This is an idea I've been developing for a while. I think that French society is one that is built around the idea of compartmentalized knowledge, that no one should know everything, that you learn from those who already know something, the idea that you have a certain set of knowledge, and you should not stray beyond your knowledge box.
Take fonctionnaires at the préfecture, for example. They always know better than you what papers to bring in. Even if another fonctionnaire told you to bring in a certain set of documents, the next guy you talk to will give you an entirely different list! You have no way of knowing what is true because you, not being one of those fortunate employees of the préfecture, do not have access to The Definitive List. You are completely dependent on them to give you information.
Or doctors. Many French doctors (my jerk specialist, certainly, but not my generalist) believe that they are God and that you, the lowly patient, cannot possibly comprehend anything about medecine, medications, or how the body works. What right do you have to know what is happening to your body and why when you cannot possibly understand any of it without having been through the same extensive schooling as they have? When I disagreed with my doctor's medication plan for me (because he was wrong) he told me that he is a world acknowledged "expert" and that I should basically shut my mouth and do as he said, without any real explanation as to why he was correct besides his self-described status as an expert. Even nurses are reluctant to explain things and answer questions. Without their level of schooling, we cannot ever hope to attain the same exalted state of enlightenment, regardless of years of experience dealing with our own medical problems or knowledge that we can harvest ourselves over the dreaded internet.
What about their obsession with certificates and qualifications? Despite the fact that I have a four year college degree I would probably never be hired to work in a retail clothing store because I don't have the silly sales certificate. In order to have a management position at a factory, you have to have a BTS, so a guy who has worked on the line for 20 years and has proved his worth but doesn't have a BTS can't earn a management position based on proven experience, knowledge, and leadership skills.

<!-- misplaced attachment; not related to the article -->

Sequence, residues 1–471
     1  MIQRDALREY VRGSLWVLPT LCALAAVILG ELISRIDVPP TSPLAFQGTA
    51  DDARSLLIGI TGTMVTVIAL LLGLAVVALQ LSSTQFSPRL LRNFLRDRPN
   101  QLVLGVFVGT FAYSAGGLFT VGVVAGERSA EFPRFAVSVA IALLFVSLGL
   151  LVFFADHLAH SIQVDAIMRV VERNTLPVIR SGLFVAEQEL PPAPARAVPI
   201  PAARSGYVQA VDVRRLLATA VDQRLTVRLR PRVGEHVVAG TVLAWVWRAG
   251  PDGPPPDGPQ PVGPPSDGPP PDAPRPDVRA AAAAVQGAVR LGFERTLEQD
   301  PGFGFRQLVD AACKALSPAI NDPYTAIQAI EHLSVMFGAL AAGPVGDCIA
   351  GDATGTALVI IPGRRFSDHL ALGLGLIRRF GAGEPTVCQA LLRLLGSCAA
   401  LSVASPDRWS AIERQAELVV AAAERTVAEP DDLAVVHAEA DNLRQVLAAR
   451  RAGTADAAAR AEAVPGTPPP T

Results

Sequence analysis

Even the public schools are part of this, although that is changing. Who else has worked with old school teachers who expect the kids to sit down, shut up, listen, and then regurgitate everything the teacher has said without ever questioning it or learning critical thinking and analytical skills?
While the fact that Einstein flunked math in fourth grade and that Bill Gates dropped out of college are very well known in the US, few people in France tell these stories. I can only think of one story I've ever been told about a French person who picked himself up by his bootstraps (to use an extremely American expression) and earned their way to success without having all the trappings of the elite: Nicolas Sarkozy. I knew that story, however, from reading American newspapers, and not because someone French told it to me. This is perhaps not the best example because we know how unpopular Sarko is, but in general the French don't seem to value these types of stories about self-made people who rose out of nothing to become successful. The idea of the "self-made woman" is one of the most important components of the American Dream, whereas in France it barely exists. Justice Sonia Sotomayor's personal story was a huge component of the discussions about her candidacy for the Supreme Court. Even if these people who rise from humble circumstances to great success do exist in France, their stories are not told and admired the way they are in the US.
This isn't meant to be a critical "France is so terrible because...." post, I'm just putting some observations that I have made out there as sort of an experiential sociological writing about what I learned during my time in France. These are of course just my experiences in "my" France, and I would be interested to hear what others think, especially about the idea of the self made person in France, because my experience on that topic may be part of the fact that I lived in the second worst département in France.
I also think this idea of knowledge limiting goes hand in hand with France as an extremely hierarchical society but that is a post for another day.